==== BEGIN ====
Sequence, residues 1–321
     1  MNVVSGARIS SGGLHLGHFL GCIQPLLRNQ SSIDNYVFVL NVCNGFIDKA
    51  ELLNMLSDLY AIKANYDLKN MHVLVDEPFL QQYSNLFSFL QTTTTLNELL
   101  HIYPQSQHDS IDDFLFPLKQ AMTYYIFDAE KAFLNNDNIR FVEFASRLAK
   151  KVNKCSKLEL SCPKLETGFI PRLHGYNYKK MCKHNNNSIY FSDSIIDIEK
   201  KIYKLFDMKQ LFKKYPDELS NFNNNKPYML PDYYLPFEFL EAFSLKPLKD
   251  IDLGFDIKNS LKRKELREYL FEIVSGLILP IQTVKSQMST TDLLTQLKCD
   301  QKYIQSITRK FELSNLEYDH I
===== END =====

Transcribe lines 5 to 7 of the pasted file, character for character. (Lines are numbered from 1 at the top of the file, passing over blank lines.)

   151  KVNKCSKLEL SCPKLETGFI PRLHGYNYKK MCKHNNNSIY FSDSIIDIEK
   201  KIYKLFDMKQ LFKKYPDELS NFNNNKPYML PDYYLPFEFL EAFSLKPLKD
   251  IDLGFDIKNS LKRKELREYL FEIVSGLILP IQTVKSQMST TDLLTQLKCD